On the surface, ASOP No. 22, Statements of Opinion Based on Asset Adequacy Analysis by Actuaries for Life or Health Insurers, might also seem out of scope and, like ASOP No. 7, again the purview of the appointed actuary. But when we focus on the practical implementation of PBR, we envision that Qualified Actuaries will be working closely with experience study functional teams and the pricing function to determine assumptions with the appointed actuaries relying on much of their “core work.” Our own close read of Section VM-30 leads us to conclude that the bar is raised so that the appointed actuary may not merely rely on the work of others; we believe that he or she will likely need to do additional testing and validation of data when forming an opinion. So if, as we anticipate, the Qualified Actuary comes to view the appointed actuary as a potential user of his or her work product, then ASOP No. 22 might become quite relevant.
ASOP No. 23, Data Quality, applies to an actuary performing actuarial services involving data, a scope that includes actuaries involved in preparing or reviewing principle-based reserves. The ASOP defines “appropriate data” as “data suitable for the intended purpose and relevant to the system or process being analyzed,” requires disclosure if regulation or other circumstances require the use of unsuitable data. We read this ASOP as giving the Qualified Actuary, who is charged with verifying the appropriateness of assumptions, the additional responsibility of determining if the data themselves are “appropriate.”
The recent revisions to ASOP No. 23 include the clarification that “data” includes data derived mathematically from other data. ASOP No. 23 also now explicitly requires that, for Actuarial Services performed on or after April 30, 2017, “If an actuary prepares data, or is responsible for the preparation of data, to be used by other actuaries in performing actuarial services, the actuary should apply the relevant portions of this standard as though the actuary were planning to use the data, taking into account the preparing actuary’s understanding of the assignment for which the data will be used.” These changes, in our view, only strengthen the argument that the appointed actuary should be viewed as a user of data generated in the PBR process that the Qualified Actuary oversees. The revised ASOP requires actuaries using data to disclose limitations to the data itself and the impact of any uncertainty or bias in the data on the actuarial work product. The Valuation Manual requires that uncertainty be addressed through larger margins on the inputs (i.e., assumptions) rather than adjusting the outputs (i.e., modeled reserves). As a result, we believe that this will likely be the approach that prevails in a PBR context. In our view, familiarity with ASOP No. 23 is essential for actuaries working on PBR given the heavy reliance on the company’s own experience data.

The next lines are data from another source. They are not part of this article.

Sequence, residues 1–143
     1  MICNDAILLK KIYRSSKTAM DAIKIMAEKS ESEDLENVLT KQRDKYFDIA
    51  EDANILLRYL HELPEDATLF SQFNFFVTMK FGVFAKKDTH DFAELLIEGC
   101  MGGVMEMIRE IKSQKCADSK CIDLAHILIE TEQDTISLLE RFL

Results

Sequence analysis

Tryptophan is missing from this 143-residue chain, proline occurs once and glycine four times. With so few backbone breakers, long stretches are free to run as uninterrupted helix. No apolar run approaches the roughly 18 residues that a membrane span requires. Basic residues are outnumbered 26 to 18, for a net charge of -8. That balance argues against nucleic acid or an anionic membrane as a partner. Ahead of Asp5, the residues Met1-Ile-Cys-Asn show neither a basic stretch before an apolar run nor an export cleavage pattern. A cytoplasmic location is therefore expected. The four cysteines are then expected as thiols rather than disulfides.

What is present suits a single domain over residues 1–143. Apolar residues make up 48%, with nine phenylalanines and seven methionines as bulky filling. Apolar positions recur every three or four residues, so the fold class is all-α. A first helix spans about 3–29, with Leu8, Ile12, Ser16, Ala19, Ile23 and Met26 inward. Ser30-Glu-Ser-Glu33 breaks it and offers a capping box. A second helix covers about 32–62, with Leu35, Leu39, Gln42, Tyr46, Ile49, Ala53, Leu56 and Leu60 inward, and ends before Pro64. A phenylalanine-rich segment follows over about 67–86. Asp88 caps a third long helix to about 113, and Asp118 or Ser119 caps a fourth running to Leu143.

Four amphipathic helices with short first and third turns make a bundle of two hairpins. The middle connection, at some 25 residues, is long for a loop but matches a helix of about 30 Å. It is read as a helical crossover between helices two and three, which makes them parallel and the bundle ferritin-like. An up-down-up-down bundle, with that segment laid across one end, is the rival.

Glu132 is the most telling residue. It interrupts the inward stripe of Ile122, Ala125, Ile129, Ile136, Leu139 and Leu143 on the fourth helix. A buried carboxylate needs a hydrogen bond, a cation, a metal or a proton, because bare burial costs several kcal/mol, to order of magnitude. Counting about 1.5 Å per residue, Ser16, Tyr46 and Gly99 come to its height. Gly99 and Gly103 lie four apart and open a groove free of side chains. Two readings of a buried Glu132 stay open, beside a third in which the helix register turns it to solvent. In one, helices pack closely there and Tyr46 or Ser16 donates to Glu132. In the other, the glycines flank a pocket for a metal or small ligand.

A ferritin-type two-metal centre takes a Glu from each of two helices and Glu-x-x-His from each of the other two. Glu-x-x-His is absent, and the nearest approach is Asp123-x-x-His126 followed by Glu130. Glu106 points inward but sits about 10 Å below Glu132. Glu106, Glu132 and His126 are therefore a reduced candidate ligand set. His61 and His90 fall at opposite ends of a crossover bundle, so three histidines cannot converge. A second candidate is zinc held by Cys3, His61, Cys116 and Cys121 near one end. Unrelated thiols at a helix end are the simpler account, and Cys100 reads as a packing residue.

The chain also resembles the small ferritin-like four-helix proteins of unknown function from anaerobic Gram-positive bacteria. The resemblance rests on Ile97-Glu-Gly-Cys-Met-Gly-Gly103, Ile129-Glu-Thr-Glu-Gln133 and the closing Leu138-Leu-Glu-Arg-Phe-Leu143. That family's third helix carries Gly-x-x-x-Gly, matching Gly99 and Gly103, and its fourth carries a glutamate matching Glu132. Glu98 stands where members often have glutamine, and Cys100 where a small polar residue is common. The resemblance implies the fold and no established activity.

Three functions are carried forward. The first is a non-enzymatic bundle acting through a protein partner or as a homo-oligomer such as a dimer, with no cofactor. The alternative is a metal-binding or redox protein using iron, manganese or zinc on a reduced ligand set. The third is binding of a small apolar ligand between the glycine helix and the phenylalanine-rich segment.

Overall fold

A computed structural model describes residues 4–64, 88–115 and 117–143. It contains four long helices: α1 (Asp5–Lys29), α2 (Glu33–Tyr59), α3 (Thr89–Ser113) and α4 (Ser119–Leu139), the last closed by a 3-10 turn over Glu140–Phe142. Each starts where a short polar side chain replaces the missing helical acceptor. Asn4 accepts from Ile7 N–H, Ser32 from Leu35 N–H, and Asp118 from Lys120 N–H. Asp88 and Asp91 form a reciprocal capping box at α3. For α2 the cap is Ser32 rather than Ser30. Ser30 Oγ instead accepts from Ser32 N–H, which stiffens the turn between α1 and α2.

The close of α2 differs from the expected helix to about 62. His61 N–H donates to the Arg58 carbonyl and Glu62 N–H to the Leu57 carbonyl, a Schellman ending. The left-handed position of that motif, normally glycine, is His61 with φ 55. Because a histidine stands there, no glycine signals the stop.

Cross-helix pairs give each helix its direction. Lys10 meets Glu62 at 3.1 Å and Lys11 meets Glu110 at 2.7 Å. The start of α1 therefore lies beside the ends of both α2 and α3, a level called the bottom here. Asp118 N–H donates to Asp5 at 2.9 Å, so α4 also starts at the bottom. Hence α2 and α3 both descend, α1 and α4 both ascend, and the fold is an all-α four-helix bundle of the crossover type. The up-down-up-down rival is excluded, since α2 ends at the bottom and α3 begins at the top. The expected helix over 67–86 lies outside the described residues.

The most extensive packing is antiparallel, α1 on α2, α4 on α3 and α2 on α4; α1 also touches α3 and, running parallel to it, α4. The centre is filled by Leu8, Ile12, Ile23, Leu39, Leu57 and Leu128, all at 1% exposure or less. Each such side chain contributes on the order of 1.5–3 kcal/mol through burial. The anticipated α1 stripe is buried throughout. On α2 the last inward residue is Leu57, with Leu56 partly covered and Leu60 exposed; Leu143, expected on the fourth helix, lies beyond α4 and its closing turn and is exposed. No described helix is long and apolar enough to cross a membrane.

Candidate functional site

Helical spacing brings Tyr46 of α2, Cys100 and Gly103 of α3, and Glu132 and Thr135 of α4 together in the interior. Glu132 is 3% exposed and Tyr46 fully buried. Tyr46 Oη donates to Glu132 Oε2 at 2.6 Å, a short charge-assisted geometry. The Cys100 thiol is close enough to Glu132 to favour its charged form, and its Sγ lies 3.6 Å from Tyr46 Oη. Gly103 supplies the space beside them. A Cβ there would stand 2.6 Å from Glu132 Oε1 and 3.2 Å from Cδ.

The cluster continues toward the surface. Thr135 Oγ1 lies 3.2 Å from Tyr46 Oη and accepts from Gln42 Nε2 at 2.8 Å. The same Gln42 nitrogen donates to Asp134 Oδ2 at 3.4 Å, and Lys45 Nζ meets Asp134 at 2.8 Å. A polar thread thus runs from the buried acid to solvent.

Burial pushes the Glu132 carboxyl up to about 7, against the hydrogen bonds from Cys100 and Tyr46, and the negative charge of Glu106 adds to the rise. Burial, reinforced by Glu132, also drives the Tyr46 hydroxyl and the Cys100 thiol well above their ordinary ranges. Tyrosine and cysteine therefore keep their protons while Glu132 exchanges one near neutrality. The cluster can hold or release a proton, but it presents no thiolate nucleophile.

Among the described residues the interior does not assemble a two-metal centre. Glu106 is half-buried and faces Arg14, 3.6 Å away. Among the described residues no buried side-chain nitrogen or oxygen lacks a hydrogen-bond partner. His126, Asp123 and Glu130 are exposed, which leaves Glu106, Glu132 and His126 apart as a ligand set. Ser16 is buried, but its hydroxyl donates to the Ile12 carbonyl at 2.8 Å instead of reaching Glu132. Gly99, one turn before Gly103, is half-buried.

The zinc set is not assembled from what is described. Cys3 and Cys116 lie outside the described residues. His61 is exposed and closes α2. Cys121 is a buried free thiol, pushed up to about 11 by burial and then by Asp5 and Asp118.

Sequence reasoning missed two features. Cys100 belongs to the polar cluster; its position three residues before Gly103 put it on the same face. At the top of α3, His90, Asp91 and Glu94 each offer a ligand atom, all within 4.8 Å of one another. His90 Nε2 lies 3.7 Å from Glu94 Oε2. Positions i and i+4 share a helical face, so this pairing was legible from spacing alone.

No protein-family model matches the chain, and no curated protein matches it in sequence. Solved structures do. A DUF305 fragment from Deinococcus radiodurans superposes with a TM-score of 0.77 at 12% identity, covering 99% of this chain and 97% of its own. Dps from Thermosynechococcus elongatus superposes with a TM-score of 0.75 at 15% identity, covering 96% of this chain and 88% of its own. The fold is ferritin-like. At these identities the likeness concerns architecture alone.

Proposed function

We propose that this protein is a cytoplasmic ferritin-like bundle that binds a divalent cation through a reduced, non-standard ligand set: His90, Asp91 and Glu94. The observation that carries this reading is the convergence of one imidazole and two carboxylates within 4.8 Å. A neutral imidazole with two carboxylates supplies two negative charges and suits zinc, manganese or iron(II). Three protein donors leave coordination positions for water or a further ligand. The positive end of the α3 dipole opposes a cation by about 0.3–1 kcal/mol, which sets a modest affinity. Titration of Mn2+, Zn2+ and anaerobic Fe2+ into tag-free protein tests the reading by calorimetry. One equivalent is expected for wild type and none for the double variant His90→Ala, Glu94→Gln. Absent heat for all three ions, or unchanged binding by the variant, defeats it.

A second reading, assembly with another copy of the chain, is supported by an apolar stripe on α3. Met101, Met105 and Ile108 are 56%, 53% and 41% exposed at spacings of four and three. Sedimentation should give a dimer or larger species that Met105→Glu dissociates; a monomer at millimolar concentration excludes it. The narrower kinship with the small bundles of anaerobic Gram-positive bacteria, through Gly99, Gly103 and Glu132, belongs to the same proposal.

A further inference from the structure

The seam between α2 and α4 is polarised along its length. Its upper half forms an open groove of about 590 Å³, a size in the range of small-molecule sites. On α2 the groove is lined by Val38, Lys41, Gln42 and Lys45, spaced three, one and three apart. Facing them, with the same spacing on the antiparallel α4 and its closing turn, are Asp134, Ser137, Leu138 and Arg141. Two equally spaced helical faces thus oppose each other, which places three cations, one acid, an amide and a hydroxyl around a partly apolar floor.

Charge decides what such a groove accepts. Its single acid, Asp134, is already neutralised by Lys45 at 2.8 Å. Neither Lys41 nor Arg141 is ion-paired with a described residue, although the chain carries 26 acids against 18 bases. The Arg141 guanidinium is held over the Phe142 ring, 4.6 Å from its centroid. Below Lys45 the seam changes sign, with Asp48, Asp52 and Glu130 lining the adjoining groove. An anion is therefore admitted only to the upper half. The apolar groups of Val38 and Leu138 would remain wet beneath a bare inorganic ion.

Another standard that falls into the relatively recently revised category is ASOP No. 25, Credibility Procedures. Effective May 1, 2014, this ASOP was expanded to cover all practice areas, not just health and property/casualty. It’s applicable when credibility analysis is required by law, when the actuary chooses to apply credibility techniques to subject data, when an actuary communicates that credibility has been evaluated, when the actuary has blended subject experience with other experience, or when the actuary represents that data is statistically or mathematically credible. Because credibility analyses are required in setting VM-20 mortality and other assumptions used in modeled reserves, we believe that ASOP No. 25 will likely be of interest to the Qualified Actuary. It also is our view that, because credibility procedures are to a great extent prescribed by the Valuation Manual, the provisions of ASOP No. 41 requiring disclosure of such situations apply to the Qualified Actuary. The requirements in ASOP No. 41, Actuarial Communications,in situations where someone other than the communicating actuary chooses an actuarial assumption, already have been mentioned. The ASOP has many other requirements that we believe will be applicable in a variety of PBR contexts, but especially in the preparation of the PBR Actuarial Report required under VM-31 where the Qualified Actuary must describe the data used, describe decisions made as to choice of models, and certify that the assumptions and margins that were used were prudent. The ASOP is not limited to written actuarial reports, such as the PBR Actuarial Report. It applies to any communication of actuarial findings, including oral communications and it applies to all actuaries, not just the Qualified Actuary. Required disclosures include the name of the actuary responsible for the communication, the names of those responsible for material assumptions or methods, any conflicts of interest, material differences from previous actuarial findings, and more.